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Transgender people deserve dignified healthcare
The UC’s existing affiliations with health systems that restrict care based on religious doctrine have been found to have “life-threatening” consequences. That’s not a hyperbolic statement — that’s the exact wording of a finding published on Jan. 28 by a UC working group tasked with assessing the UC’s affiliations with health systems like Dignity Health.
The Editorial Board condemns the egregious partnership between the UC and Dignity — a health system that abides by Catholic doctrines that restrict care for women and LGBTQIA individuals. Existing UC-Dignity contracts explicitly “restrict UC students and instructors from providing care” that’s in conflict with religious doctrine observed by Dignity, a recent article in The California Aggie stated.
As long as the contracts with Dignity exist, the UC is participating in an “openly discriminatory model of healthcare” — a sentiment expressed by a Los Angeles Times columnist and one with which we wholeheartedly agree.
In response to criticism over this partnership, Dignity claims it is committed to providing healthcare “to all people of all backgrounds,” including “providing women’s health care and specialty care for the LGBTQ community” — yet all evidence points to the contrary. The UC has also defended the partnership: Because the UC and Dignity are the two largest Medi-Cal providers, a collaboration allows “the University to remain focused on increasing access to care for medically vulnerable or underserved patients,” according to UC Spokesperson Andrew Gordon.
This rationale is inherently and insidiously flawed. Twenty-four out of 39 Dignity hospitals are Catholic and, according to the Daily Bruin, 24 out of 39 Dignity hospitals “reject the use of gender-affirming practices such as hormone therapy and surgeries.”
There is, therefore, distorted logic in the UC’s claims that this partnership allows it to provide additional care to vulnerable populations. Transgender individuals are a medically vulnerable and underserved group, but Dignity prohibits gender-affirming care by rejecting “the possibility of a person having a gender that differs from their sex assigned at birth,” according to the UC working group.
In September of last year, a California appellate court ruled that Dignity discriminated against Evan Minton, a transgender man, when one of its hospitals turned him away from receiving a hysterectomy — the procedure was “canceled two days after he told a nurse he is transgender,” according to Modern Healthcare.
The UC working group was tasked with assessing whether the UC should “affiliate at all with organizations whose institutional policies (a) prohibit the use of contraception, abortion, assisted reproductive technology, gender-affirming care for transgender people, and the full range of end-of-life options and (b) permit non-clinicians to make clinical decisions affecting the health and safety of individual patients irrespective of the professional judgment of health care providers and/or the informed decisions of patients.” Members of the working group itself were so divided in their beliefs over this issue that some members decided they could not associate their names with the final report.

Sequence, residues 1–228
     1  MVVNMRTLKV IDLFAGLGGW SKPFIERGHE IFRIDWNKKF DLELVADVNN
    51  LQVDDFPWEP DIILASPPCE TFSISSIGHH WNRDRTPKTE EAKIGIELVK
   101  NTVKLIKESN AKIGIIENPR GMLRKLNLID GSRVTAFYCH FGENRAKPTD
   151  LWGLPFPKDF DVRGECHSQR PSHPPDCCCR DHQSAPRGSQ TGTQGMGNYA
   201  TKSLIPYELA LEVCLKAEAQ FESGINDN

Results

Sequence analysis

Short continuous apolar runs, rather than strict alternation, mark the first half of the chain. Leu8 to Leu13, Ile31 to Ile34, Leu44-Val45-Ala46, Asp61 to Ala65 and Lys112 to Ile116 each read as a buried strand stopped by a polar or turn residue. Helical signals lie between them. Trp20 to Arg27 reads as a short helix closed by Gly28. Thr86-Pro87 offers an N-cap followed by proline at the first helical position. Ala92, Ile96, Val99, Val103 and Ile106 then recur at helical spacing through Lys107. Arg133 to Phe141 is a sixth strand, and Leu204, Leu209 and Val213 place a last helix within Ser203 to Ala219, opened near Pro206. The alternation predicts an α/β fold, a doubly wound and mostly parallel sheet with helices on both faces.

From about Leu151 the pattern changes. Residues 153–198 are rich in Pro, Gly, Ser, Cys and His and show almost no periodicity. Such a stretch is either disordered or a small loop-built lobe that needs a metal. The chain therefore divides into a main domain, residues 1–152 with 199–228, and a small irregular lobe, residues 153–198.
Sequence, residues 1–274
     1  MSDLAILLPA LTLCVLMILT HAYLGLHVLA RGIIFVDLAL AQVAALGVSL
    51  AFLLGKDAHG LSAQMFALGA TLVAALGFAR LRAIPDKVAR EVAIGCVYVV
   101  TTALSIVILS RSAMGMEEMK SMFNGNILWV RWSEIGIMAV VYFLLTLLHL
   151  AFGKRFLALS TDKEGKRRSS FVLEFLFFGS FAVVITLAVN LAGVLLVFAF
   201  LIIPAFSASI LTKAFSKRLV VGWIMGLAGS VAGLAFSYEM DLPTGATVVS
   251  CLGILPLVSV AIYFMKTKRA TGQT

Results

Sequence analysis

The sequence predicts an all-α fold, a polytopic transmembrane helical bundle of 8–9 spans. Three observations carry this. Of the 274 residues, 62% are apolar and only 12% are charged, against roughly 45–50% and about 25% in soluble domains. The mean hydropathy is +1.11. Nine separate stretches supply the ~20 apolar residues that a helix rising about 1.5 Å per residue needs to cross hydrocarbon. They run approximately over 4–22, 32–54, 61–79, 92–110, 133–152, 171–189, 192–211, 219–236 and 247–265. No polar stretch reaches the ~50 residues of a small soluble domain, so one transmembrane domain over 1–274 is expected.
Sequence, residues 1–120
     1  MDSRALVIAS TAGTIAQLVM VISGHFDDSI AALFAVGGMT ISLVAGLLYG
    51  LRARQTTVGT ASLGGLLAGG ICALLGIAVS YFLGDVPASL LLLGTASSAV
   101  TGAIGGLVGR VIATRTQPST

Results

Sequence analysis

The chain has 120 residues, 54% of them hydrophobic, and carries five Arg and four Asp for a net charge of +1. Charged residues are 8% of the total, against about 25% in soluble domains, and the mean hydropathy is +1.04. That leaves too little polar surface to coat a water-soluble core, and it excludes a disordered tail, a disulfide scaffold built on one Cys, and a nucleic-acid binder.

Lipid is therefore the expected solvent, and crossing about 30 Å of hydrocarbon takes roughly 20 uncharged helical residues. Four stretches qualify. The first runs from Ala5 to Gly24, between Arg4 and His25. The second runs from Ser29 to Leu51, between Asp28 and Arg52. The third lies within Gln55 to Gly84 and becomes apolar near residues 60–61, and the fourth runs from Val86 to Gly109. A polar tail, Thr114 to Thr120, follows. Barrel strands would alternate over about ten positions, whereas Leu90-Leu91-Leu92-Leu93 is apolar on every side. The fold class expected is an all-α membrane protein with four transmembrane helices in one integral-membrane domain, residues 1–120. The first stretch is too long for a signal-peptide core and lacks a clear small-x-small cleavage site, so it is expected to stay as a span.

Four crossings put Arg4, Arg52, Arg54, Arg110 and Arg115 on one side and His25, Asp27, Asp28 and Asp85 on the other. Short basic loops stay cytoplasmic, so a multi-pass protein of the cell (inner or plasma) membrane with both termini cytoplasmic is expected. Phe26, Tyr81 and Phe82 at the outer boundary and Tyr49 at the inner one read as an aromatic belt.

The UC is a system that has defined itself based on principles of inclusion and celebrating diversity. It’s then baffling that the UC permits discrimination of any form to exist in its practices.
Last year, physicians, students and activist groups protested over a potential expansion of the UC-Dignity partnership. This proved successful when, in May, the proposed “extensive affiliation” plan between Dignity and UCSF ended. The LA Times called this “a victory for reproductive rights.”
UC-Dignity contracts at other campuses like UC Davis, Los Angeles, San Diego, Riverside, Irvine and San Francisco, however, still exist. The fact that the UC has chosen to turn a blind eye to the very real consequences of this partnership is outrageous and appalling. Minton himself summarized this inexcusable partnership best via Twitter: “Hospitals exist to provide care, not to deny people care OR pick and choose who to give that care to. And we DEFINITELY can’t stand by and let our state’s schools do that.”
Written by: The Editorial Board
Editor’s Note: A previous version of this editorial stated, “A woman being treated in a UC facility who was hemorrhaging from a miscarriage was not able to safely terminate her pregnancy in order to stop the hemorrhage.” That is incorrect. The WCGA report states that such an incident could only occur at a non-UC facility. The Aggie regrets the error.